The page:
19. dead of night

    dead of night Forum Resident

    Location:
    Northern Va, usa
    Tribby, I own the Sony 7600GR. At this point I guess I am looking for the "next radio" to add to my collection.

    I am also looking hard at the Grundig S350 Deluxe, also getting very good reviews at eham.
  20. dead of night

    dead of night Forum Resident

    Location:
    Northern Va, usa
    Vidiot,
    The GE Super Radio I and II are considered classics, the RCA Super Radio III not so much. This is from what I research only.
  21. dead of night

    dead of night Forum Resident

    Location:
    Northern Va, usa
    After days of research I have narrowed my field to four radios:

    1. The Grundig S350 Deluxe- a modern version of the analogue Super Radio with superb AM/FM reception and an added SW band.

    2. The CC Radio 2- best current in production AM reception on a portable, superb FM reception, good sound quality.

    3. Kaito KA1103- a classic shortwave radio in its field with great SW, AM, and FM reception. "Herculodge" called this the very best FM portable in current production.

    4. The Tecsun PL660- this one may be the first I reject. However, it gets good reviews.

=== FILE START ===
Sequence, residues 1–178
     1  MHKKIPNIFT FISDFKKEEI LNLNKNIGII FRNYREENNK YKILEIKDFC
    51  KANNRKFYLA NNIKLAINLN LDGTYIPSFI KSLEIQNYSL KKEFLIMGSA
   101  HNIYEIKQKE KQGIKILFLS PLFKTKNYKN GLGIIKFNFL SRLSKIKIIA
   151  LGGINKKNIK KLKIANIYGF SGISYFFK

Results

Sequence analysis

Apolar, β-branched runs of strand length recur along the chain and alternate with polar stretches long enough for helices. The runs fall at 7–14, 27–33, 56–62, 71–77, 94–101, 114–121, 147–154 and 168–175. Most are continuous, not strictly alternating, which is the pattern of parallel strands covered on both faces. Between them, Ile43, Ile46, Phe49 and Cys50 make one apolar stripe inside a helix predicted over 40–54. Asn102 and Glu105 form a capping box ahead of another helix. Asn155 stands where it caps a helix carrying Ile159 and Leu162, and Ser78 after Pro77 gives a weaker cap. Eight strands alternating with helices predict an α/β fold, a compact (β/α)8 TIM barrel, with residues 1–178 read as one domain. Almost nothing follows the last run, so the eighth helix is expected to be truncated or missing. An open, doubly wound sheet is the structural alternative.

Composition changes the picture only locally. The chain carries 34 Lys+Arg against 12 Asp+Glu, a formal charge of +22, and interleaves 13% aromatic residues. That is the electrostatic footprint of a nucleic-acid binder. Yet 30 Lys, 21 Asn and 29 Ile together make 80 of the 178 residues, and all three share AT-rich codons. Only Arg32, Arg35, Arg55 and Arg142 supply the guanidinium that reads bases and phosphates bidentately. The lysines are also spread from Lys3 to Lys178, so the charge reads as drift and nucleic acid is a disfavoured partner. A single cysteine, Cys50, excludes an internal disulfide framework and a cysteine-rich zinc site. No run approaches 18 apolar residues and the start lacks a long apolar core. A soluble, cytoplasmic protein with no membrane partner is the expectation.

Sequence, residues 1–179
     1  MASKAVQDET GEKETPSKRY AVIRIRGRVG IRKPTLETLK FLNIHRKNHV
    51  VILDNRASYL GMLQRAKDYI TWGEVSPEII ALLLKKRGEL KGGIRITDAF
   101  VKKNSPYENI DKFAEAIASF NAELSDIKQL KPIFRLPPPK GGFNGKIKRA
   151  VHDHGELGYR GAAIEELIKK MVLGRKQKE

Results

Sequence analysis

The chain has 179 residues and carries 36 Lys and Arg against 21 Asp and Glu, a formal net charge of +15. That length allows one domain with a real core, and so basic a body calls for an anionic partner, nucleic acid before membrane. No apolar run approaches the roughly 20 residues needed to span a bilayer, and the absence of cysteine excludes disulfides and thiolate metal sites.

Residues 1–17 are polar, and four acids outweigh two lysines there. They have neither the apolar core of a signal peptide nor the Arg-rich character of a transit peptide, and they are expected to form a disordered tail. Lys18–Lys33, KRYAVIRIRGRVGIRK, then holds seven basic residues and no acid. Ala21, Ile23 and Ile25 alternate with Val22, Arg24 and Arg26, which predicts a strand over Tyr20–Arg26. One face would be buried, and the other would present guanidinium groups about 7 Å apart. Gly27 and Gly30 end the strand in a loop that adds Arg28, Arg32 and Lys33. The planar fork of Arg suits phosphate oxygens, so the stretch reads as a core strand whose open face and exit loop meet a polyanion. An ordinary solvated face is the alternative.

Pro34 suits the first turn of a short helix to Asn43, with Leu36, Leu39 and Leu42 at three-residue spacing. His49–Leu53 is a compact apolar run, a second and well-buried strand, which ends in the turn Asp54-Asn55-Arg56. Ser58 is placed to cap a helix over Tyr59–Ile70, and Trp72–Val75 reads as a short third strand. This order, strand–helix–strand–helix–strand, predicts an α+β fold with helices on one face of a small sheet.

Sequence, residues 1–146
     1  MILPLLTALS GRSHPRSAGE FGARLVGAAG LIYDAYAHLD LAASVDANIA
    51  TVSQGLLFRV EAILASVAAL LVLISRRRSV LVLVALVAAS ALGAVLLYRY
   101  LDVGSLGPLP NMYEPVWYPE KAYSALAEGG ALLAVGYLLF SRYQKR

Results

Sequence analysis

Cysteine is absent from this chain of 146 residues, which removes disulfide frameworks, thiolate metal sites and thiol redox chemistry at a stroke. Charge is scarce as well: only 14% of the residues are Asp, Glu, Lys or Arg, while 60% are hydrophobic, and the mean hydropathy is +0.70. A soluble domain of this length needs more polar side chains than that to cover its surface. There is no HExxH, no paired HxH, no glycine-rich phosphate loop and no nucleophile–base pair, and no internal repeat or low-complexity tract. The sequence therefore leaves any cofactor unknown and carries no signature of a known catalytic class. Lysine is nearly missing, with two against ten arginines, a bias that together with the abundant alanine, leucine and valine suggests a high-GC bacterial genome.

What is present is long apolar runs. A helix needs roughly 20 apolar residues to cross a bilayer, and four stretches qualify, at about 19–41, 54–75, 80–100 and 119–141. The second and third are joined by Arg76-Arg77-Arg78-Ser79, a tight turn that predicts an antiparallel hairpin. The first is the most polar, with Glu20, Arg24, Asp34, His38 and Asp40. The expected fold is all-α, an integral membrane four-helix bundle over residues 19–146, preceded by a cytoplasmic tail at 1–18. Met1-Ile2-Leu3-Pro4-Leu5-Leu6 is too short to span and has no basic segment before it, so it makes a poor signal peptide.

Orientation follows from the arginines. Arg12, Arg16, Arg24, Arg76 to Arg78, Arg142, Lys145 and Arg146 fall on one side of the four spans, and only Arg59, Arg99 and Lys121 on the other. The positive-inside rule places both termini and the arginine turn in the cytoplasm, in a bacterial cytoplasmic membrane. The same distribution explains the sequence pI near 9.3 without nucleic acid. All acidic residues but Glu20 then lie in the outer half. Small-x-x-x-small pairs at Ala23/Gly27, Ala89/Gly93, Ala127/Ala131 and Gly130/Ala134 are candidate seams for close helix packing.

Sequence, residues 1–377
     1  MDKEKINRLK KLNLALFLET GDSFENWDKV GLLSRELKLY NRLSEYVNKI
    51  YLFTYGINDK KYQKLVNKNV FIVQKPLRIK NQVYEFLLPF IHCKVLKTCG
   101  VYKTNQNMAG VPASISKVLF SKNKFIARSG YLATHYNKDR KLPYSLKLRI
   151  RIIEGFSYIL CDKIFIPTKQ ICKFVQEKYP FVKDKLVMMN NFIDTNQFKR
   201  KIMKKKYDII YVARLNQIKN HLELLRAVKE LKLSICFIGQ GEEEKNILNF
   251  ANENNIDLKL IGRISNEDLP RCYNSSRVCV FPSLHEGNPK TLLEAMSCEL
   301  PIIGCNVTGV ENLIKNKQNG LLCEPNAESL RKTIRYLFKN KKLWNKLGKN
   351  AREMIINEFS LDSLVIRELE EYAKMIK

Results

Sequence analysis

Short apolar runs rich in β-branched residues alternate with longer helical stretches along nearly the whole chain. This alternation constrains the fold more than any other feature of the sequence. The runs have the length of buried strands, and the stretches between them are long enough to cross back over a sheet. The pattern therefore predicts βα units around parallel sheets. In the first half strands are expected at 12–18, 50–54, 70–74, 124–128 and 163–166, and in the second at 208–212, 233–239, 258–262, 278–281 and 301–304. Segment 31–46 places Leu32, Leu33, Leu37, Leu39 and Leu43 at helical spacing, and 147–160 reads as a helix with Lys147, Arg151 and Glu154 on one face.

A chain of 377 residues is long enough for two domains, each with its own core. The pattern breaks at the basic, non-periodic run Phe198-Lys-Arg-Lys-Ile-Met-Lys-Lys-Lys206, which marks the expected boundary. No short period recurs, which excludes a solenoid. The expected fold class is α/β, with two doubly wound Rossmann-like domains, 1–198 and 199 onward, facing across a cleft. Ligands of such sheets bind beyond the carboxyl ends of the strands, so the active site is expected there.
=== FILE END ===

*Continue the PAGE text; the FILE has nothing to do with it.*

22. shucky ducky

    shucky ducky Active Member

    Location:
    Arizona
    I plan on picking up my third CCRadio sometime this year. I gave one to my mom earlier this year, so I will replace that one with one of the newer CCRadio 2's. The CCRadio is nice because of the well thought out design, such as the handle built into the back of the radio. Also the big buttons are well spaced out from each other, make it easy to use, even with your eyes closed. Digital presets are very nice if you switch between stations a lot during the day. The speaker sounds very nice, and you can shape the sound with separate bass and treble controls. And lastly, the twin coil ferrite antenna makes reception a breeze. Ohh yeah, I forgot to mention other cool features I often use, like the aux input and the sleep timer.
  23. dead of night

    dead of night Forum Resident

    Location:
    Northern Va, usa
    David,
    I really like and am intrigued by the CC Radio 2's twin coil ferrite AM antenna which takes a few seconds to "fine tune" to any AM station you turn to. This is a very nice feature and I would take much pleasure from watching the radio do this, knowing the radio is "taking care of me" almost with a mind of its own.

    I may buy the CC Radio 2, the Kaito KA1103, and the Grundig S350 Deluxe all at the same time. For a little over $300 for all three, that's a lot of hardware for the money.
  24. tribby2001

    tribby2001 Forum Resident

    Oh, I see. You're collecting :) Nothing wrong with that.

    If I could've afforded one during their day I would have picked up a Drake R-8 or JRC NRD-545 DSP, or a portable like the Sony ICF-2010.

    When I was into AM DXing during the last solar cycle minimum I was seriously considering one of the Software Defined Radios (SDR) like FlexRadio or Perseus SDR. State of the art receiver there and certainly portable. http://www.bamlog.com/cmmc2.htm